Nuclear War (video game)

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Nuclear War
Nuclear war game box art.jpg
Developer(s)New World Computing
Publisher(s)U.S. Gold
Platform(s)Amiga, MS-DOS
Genre(s)Turn-based strategy
Mode(s)Single player

Nuclear War is a single player turn-based strategy game developed by New World Computing and released for the Amiga in 1989 and later for MS-DOS. It presents a satirical, cartoonish nuclear battle between five world powers, in which the winner is whoever retains some population when everyone else on earth is dead.


The game's introduction includes an homage to Dr. Strangelove. Each player - one human, four computer-controlled - is represented by a caricature of a national leader (the MS-DOS version allowed more than one human player). If there is a computer-controlled winner at the end of the game, that leader is depicted jumping for joy in the middle of a blasted wasteland, crowing "I won! I won!". If the player wins only the high score board is shown. Once a player (computer or human) loses, all of their stockpiled weapons are automatically launched. It's possible for a game to have no winner because of this. If this happens, a cut scene of the earth shattering and exploding is shown, and the high score table appears (though without any new entries).


The following characters are available in the game; the public figure being satirised is listed in brackets.

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The game was reviewed in 1990 in Dragon #159 by Hartley, Patricia, and Kirk Lesser in "The Role of Computers" column. The reviewers gave the game 4½ out of 5 stars.[1] Chuck Moss of Computer Gaming World in 1990 favorably reviewed the game's graphics, fast and brief game play, and humorous computer opponents.[2] 1992 and 1994 surveys in the magazine of wargames with modern settings gave the game three and a half stars out of five.[3][4]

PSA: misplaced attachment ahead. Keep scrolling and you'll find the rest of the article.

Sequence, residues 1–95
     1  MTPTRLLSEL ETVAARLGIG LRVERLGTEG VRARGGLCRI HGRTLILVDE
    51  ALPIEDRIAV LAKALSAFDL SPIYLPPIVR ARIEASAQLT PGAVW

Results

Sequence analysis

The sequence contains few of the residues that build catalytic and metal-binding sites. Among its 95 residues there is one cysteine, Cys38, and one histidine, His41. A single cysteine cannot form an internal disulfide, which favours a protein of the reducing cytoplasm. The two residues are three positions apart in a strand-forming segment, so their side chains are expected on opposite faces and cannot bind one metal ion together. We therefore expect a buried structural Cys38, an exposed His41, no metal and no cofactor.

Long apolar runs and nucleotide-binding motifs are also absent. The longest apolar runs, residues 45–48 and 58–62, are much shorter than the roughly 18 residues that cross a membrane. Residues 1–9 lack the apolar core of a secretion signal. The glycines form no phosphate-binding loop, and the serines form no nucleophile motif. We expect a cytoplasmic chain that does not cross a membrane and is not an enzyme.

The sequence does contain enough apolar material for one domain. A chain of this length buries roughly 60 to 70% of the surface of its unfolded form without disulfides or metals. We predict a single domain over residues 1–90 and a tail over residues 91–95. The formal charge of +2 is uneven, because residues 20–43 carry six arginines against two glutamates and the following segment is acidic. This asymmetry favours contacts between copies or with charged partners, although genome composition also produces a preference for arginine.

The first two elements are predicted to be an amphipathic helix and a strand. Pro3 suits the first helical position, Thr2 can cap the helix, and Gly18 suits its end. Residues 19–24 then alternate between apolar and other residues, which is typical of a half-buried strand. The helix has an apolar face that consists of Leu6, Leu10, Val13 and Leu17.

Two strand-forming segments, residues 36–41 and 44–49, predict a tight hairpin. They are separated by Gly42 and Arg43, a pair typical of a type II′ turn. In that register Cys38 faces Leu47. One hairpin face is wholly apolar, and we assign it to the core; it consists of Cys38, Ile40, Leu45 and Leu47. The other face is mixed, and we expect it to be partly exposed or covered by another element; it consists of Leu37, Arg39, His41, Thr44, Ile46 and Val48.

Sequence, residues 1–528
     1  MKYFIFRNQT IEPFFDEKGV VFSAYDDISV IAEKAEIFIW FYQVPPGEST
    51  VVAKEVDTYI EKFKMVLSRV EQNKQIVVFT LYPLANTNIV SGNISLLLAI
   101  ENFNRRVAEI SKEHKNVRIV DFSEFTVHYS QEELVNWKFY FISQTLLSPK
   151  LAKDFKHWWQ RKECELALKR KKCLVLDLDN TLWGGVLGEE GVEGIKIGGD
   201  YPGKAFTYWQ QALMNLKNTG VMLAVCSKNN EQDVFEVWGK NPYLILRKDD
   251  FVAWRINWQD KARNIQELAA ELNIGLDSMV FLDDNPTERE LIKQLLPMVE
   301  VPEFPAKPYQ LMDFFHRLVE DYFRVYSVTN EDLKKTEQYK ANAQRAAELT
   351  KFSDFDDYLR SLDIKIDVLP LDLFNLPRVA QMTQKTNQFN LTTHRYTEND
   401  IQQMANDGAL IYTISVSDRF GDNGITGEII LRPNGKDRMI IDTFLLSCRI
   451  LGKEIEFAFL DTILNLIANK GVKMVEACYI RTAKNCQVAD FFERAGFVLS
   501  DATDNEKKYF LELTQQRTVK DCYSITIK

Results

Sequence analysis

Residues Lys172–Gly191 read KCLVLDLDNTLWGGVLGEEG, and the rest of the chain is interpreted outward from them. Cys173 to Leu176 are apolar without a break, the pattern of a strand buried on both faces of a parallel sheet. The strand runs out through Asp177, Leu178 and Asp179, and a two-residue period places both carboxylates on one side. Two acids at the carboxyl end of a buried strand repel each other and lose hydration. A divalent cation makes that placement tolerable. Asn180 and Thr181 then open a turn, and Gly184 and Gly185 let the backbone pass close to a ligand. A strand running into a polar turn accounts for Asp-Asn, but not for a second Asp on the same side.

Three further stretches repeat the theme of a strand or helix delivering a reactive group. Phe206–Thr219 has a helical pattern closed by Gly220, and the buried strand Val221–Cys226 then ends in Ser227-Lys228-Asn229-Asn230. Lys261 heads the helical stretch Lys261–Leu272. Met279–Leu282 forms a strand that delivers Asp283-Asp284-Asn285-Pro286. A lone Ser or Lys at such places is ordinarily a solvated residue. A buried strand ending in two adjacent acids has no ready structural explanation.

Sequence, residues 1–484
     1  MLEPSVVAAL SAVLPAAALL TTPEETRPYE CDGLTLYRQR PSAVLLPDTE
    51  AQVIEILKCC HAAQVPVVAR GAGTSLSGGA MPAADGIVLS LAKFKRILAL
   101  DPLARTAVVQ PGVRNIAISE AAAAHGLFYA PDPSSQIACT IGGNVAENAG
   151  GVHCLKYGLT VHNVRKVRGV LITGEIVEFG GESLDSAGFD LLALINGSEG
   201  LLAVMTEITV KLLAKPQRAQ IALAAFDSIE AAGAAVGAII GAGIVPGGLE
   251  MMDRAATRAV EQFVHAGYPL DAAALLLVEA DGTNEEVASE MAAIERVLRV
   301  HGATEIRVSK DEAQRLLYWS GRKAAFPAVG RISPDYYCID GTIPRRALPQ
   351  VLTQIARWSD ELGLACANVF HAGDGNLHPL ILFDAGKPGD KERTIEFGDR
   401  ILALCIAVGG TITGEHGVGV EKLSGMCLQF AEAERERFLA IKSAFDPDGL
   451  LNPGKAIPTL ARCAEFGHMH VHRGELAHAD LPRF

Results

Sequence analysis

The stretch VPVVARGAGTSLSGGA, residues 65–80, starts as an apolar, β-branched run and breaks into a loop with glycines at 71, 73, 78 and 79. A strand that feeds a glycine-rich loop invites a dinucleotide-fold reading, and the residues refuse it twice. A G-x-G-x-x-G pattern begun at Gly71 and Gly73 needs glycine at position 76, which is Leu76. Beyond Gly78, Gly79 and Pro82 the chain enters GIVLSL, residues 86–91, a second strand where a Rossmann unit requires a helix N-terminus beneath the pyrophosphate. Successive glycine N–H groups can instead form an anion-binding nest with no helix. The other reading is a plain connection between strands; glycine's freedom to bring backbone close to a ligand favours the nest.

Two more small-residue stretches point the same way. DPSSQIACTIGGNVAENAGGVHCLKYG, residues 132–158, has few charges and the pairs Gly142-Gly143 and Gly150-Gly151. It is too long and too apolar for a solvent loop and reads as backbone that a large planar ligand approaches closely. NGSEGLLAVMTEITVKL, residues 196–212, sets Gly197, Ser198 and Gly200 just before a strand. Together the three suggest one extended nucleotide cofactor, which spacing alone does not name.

1. ^ Lesser, Hartley; Lesser, Patricia; Lesser, Kirk (July 1990). "The Role of Computers". Dragon (159): 47–53.
  2. ^ Moss, Chuck (October 1990). "Itsy-Bitsy Teeny-Weeny 20-Megaton Bikini". Computer Gaming World. p. 36. Retrieved 16 November 2013.
  3. ^ Brooks, M. Evan (June 1992). "The Modern Games: 1950 - 2000". Computer Gaming World. p. 120. Retrieved 24 November 2013.
  4. ^ Brooks, M. Evan (January 1994). "War In Our Time / A Survey Of Wargames From 1950-2000". Computer Gaming World. pp. 194–212.

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